Instead, Swainson sees several monumental changes that will not only fundamentally change IT but add to the ever-evolving complexity of technology throughout the world.
"The truth is that there is no one big thing; there are many big things—all happening simultaneously," Swainson said in his keynote address at the Interop conference here on Sept. 20.
"Lots of emerging technologies, and ways of leveraging technology, have the potential to make a significant impact on the way we live and work. And all these innovations, changes and trends contribute to the direction the IT industry will take over the next few years," Swainson said.
Swainson picked several technologies that he thought would change the IT landscape in the next few years, including virtualization, clusters of small replaceable processors and blades, and cheaper and faster IP-networked storage.
Yet, even with the emergence of new technology, Swainson warned that the complexity associated with this new technology in the enterprise realm, such as automation of business processes, will affect the bottom line, and IT professional will have to deal with a new reality.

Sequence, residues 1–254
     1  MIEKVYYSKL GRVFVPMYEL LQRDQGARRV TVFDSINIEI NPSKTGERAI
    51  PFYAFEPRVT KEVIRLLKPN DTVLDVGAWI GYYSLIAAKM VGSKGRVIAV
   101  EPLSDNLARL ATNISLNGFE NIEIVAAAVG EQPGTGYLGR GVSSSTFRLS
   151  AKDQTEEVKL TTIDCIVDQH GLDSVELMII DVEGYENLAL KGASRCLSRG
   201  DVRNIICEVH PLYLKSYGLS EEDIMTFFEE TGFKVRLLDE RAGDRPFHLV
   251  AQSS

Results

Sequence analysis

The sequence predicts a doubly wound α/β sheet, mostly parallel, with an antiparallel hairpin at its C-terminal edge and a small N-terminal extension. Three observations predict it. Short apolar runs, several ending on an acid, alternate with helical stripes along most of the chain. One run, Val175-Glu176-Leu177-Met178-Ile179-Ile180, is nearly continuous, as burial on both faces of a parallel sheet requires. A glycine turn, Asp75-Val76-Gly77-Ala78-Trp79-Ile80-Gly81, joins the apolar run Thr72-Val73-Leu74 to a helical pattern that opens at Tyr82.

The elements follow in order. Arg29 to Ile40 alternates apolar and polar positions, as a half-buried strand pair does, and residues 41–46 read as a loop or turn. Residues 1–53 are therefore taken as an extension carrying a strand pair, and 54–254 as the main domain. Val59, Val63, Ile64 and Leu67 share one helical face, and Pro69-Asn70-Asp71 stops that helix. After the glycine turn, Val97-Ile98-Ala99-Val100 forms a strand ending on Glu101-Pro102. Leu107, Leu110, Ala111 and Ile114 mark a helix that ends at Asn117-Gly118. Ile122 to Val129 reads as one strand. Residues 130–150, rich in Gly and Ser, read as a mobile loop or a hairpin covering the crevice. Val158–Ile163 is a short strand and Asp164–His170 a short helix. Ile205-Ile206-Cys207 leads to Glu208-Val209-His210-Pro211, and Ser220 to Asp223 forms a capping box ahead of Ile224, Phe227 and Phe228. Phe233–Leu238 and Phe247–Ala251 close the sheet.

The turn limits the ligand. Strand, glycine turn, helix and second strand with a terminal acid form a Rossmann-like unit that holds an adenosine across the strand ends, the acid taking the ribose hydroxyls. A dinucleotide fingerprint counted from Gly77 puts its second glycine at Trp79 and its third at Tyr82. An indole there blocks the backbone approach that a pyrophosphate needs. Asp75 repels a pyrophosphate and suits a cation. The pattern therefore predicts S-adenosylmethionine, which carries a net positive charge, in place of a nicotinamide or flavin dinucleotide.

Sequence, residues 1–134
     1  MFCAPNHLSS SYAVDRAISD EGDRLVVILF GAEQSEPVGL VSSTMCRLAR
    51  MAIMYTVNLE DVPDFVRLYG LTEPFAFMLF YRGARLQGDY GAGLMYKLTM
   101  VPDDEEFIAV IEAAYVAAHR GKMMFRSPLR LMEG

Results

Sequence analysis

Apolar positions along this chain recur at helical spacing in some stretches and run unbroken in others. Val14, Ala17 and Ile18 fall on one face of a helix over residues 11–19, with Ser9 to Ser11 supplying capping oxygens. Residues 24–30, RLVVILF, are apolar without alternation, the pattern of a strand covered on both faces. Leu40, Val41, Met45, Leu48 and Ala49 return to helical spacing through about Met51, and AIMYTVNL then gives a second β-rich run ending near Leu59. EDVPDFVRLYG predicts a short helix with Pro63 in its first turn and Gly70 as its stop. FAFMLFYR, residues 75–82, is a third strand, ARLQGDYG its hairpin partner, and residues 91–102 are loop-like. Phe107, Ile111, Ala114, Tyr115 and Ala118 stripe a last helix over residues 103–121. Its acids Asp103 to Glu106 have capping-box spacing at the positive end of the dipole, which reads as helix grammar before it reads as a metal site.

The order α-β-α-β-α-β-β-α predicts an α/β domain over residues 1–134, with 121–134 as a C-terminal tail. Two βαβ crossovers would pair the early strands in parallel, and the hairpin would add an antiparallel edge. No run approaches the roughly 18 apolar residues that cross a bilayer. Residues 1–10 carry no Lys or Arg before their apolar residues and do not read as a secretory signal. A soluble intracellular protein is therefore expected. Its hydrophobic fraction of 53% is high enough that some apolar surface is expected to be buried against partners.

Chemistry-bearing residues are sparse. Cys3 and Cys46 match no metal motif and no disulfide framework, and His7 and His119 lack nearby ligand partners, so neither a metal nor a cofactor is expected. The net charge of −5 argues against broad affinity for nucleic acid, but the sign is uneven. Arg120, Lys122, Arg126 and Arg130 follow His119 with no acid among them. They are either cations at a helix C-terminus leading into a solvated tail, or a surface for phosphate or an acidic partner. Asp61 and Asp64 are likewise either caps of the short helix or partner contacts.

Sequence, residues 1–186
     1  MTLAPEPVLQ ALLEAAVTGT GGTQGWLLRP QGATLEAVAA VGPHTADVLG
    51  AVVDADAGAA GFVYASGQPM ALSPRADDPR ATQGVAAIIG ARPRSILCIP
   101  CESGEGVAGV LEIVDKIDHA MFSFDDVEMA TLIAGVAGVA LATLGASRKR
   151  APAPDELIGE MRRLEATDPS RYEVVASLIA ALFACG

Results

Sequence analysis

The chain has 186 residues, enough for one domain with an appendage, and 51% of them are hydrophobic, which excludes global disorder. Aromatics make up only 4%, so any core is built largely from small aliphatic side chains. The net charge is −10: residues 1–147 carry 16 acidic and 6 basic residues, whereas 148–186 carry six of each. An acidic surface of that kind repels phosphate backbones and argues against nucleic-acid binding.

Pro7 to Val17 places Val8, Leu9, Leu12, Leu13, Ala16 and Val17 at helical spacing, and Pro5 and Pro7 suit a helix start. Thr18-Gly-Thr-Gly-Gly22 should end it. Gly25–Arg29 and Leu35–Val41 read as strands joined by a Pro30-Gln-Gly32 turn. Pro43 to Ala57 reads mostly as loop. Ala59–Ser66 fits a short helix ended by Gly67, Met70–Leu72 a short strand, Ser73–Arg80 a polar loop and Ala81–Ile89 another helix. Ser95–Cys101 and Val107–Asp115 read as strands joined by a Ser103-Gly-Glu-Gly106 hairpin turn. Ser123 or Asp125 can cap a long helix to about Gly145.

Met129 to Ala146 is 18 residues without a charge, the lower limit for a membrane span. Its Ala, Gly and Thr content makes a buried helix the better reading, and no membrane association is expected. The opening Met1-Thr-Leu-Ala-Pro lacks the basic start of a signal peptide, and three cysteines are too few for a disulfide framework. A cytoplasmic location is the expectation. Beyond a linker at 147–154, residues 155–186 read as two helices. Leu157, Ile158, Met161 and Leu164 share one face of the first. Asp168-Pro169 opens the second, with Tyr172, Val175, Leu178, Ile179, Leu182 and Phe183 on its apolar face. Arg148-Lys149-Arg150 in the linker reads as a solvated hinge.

"What we have to do is make the management of IT simple," Swainson said.
"I began this discussion by reflecting on our collective longing to define the next big thing in IT. I believe that the next big thing in IT will be to manage all the other big things— past, present and future.
"Our greatest challenge is to harness the enormous potential of IT—all the exciting innovations we see arising every day—and then integrate, secure and manage them."